Shellac’s first full-length ‘At Action Park’ released October 1994 is their finest. Ten songs clocking in at 37 minutes. Perfect. It sounds generally charged and full of sugar compared to what was to come from the group. It all sounds live and, well, pretty much feverishly hot. Not always conventional in structure, but the record does have a certain tightly clicked flow and tempo.
Already famed noisenik frontman Steve Albini– fresh from helping to produce Nirvana’s immense (and not always dissimilar) ‘In Utero’ LP– sounds at times like a freakishly distressed grungefather with a post-hardcore bent.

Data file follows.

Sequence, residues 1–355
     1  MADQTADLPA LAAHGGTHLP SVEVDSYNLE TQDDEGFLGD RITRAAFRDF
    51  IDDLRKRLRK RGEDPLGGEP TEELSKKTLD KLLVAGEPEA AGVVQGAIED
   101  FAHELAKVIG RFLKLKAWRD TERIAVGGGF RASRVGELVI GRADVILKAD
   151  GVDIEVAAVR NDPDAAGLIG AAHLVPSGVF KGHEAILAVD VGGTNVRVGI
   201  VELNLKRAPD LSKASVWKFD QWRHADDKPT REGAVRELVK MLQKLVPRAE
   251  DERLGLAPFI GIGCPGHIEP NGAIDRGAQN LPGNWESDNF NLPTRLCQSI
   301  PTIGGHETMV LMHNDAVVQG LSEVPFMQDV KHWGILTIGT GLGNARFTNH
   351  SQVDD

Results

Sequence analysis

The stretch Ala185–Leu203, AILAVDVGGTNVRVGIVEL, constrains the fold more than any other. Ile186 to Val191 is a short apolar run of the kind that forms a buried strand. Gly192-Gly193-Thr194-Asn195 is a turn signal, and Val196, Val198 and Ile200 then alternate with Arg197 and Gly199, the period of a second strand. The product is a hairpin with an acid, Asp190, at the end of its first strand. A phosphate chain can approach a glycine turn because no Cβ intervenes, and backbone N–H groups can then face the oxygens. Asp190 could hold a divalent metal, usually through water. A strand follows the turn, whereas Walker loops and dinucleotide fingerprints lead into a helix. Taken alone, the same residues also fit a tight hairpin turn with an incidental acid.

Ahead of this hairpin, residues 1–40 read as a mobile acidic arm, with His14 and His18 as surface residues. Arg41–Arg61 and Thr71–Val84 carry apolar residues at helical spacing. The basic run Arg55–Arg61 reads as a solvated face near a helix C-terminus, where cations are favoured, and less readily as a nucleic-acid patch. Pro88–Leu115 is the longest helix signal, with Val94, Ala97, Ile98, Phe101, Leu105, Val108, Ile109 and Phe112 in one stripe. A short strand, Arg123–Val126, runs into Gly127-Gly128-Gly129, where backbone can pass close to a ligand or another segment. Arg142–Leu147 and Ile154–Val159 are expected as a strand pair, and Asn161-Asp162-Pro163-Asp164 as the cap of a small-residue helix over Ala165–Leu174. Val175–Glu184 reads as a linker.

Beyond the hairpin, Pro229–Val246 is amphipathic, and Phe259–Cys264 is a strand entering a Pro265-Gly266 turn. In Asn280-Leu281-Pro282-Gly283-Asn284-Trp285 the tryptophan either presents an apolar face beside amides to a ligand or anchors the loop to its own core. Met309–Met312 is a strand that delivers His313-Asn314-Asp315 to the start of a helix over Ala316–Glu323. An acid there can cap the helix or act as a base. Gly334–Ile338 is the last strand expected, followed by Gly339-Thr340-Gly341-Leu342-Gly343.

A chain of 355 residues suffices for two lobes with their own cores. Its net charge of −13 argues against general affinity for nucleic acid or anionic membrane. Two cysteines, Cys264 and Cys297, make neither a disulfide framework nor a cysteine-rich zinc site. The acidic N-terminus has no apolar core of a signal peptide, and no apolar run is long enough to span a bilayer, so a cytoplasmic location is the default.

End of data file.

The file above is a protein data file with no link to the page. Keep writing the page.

The drums of Tod Trainer tight and loud and wonderfully rhythmic, keeping time but also working out some individual moments that are amongst the record’s highlights. On top of this there’s those like-nothing-else-around dry strangulation of Albini’s cheesewire guitars, and the sizzling bass-ery of one Rob Weston. The lyrics, of course, as uncompromising, crude, questionable, and untreated as ever.
“There’s a good beat to that”, once said my mum from the hall as I played the record in my bedroom. I guess therein lies the skill.
It’s angry. It’s vexed. it’s avant. But it does got that beat. Hey, even mothers liked the sound of it. ‘At Action Park’ squared the circle around Nirvana and the Jesus Lizard. Or something.